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Nash update Day 8 – Running tests

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Spoke to Dr Parente this morning,  he was concerned.  Nash still has the fever. He was saying it is at 104 still which is considered a high grade fever.  So today they are looking into the cause of the fever.  They are running his blood work and checking it against when the blood work from when he was admitted.  They are also going to do a fecal sample, to look for bacteria.  Lastly he talked about the chance of infection at the incision site.  He noticed a little more swelling but said that if there was an infection there it would be very painful to touch.  Yet Nash is not indicating that it is very painful.  Hopefully they will get to the bottom of this soon so my boy can come home.

2012-12-29_15-25-17_825Picture from last year.

 

Day 7: Nash update – fever

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Wow, I can’t believe it has been a week.

I spoke to Dr Stuart to get an update on Nash.  He still has the fever but it appears to be responsive to bute.  So this morning it was at 104.1.  Then he received his morning does of bute and it went down to 102.  He is still doing fine, eating and all the rest.  They have all his legs wrapped now because since the fever started they stopped hand walking him.  They really don’t want to release him until the fever breaks, so hopefully that is soon.  The pics are from my visit with him yesterday.

Day 6: Nash update – Fever

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I woke up this morning to a phone call from the vet helping Dr Parente.  She had not so good news… Nash has developed a fever.  His temperature is 104. Normal body temperature  for horses is 98 – 101 F.  They think it is is viral infection but would like to keep him in the hospital over the weekend.  She said he can probably go home Monday.  While this is very disappointing, I understand it is best for him to stay in the hospital where they can monitor him closely and react quickly should he worsen.  She did say he is eating a drinking as normal, which is why it is probably a viral infection.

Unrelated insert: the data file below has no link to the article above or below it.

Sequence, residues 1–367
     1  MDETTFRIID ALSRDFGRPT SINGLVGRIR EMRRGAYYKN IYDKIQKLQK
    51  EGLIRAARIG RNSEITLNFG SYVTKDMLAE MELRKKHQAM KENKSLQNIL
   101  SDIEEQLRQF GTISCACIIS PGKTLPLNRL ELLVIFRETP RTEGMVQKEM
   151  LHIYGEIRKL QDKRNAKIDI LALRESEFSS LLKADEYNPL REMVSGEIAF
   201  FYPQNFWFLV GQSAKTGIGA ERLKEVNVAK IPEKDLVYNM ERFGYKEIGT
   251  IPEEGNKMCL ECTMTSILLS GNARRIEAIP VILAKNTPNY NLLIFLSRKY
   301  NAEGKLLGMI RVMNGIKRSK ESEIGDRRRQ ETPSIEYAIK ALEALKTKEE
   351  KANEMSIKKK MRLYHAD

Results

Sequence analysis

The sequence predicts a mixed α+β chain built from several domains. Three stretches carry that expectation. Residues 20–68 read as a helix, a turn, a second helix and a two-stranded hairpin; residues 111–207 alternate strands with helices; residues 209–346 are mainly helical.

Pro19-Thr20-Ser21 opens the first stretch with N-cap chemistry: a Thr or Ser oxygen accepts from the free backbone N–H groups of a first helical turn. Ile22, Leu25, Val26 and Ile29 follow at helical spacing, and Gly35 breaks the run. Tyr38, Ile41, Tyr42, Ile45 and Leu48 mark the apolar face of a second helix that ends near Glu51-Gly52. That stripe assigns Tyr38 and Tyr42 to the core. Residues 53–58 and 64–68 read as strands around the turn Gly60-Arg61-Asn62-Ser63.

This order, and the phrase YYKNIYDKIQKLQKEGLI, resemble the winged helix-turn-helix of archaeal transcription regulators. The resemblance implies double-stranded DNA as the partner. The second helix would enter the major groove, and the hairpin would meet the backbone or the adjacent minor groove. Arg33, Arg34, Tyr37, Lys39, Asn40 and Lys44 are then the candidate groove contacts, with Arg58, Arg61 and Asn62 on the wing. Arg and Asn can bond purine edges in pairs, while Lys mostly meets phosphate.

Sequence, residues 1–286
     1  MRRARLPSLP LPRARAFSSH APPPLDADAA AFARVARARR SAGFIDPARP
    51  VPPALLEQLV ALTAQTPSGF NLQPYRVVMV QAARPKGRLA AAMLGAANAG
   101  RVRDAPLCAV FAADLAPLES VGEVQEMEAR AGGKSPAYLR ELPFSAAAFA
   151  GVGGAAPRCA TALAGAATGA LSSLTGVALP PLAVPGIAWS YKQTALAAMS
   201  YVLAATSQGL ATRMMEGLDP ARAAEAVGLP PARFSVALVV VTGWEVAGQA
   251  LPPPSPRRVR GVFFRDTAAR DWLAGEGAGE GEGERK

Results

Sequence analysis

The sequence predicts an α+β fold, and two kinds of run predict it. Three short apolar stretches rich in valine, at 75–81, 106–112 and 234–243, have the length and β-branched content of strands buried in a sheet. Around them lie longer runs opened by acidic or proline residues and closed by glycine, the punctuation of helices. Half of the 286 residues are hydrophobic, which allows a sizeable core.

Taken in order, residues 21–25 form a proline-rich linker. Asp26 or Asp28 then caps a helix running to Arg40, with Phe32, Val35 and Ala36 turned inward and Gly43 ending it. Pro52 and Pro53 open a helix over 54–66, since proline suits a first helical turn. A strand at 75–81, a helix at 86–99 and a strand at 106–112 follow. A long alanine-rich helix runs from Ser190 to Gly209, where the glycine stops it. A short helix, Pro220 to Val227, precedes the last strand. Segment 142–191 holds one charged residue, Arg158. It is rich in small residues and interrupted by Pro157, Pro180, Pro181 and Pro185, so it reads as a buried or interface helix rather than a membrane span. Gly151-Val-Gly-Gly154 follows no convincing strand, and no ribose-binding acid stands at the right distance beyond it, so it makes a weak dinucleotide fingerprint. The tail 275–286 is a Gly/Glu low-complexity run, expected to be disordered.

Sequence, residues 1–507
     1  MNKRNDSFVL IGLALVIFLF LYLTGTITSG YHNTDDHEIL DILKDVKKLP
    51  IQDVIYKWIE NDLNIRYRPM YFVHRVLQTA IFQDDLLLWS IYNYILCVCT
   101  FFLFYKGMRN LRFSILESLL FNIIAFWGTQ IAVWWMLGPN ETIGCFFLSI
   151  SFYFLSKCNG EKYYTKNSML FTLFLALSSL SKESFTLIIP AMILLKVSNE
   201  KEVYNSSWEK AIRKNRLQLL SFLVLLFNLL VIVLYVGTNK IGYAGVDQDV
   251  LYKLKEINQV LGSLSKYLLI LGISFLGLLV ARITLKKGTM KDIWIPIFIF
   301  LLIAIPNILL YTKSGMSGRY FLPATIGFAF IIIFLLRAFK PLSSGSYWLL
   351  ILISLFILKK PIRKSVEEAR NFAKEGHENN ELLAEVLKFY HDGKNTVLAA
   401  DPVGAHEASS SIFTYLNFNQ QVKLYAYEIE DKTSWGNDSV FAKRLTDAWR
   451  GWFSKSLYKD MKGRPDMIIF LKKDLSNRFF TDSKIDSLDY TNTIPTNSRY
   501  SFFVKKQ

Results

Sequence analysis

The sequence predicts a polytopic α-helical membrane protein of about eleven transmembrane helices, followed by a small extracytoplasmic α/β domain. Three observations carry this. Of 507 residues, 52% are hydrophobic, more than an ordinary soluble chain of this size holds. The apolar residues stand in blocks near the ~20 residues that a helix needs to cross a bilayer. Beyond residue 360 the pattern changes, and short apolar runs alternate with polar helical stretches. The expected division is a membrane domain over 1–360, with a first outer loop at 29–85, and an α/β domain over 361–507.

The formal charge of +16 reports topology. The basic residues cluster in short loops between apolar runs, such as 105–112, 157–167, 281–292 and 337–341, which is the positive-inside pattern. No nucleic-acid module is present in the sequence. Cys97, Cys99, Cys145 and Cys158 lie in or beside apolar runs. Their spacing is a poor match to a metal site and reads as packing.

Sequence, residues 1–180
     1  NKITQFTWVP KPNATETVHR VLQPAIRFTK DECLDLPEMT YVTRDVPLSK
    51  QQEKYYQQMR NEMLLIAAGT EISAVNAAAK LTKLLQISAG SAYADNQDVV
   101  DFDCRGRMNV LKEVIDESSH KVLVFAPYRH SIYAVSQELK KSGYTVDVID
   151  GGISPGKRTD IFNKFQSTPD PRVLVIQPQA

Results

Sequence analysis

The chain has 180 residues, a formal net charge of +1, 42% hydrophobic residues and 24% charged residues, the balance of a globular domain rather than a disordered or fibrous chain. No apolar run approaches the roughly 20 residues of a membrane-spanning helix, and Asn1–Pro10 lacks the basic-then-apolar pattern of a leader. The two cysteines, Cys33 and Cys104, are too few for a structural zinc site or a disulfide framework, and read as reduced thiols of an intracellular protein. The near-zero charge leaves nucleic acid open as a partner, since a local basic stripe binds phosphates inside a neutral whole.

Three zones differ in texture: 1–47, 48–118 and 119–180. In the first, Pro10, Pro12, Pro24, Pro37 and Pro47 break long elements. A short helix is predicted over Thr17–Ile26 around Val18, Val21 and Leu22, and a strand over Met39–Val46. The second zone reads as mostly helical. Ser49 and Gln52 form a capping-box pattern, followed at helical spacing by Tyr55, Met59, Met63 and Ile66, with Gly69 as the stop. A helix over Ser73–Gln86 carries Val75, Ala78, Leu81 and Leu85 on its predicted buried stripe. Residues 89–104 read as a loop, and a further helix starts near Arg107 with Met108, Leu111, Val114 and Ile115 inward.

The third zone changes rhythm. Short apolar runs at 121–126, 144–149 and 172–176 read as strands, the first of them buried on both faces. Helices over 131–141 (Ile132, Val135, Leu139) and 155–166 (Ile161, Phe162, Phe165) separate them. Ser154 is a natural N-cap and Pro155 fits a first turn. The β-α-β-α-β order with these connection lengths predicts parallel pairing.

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Lover boy

Lover boy

Day 5: Nash update

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I spoke to Dr Parente this morning.  He said Nash was still doing good.  They did notice his heart rate was slightly elevated and are keeping an eye on it.  He has been switched from IV to oral ABs and they are reducing his bute (pain killer).  He is not that concerned about the elevate heart rate and said that he can be discharged tomorrow.  So we are leaving after my last lesson at 2 pm to bring my boy home.

heidelberg-20110626-00074-scaled1000This picture is from when I first met and rode Nash.

 

Day 4: Recovery going well

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Dr Parente just called me.  It was great to talk to him after seeing Nash as I was able to ask all my questions.

How did he get the hernia?

DrP. found scar tissue below the hernia which lead him to believe that the hernia was caused by trauma.  Perhaps from  a horse kicking him (before I rescued him) that caused a tear in the muscle wall.

How was the surgery performed?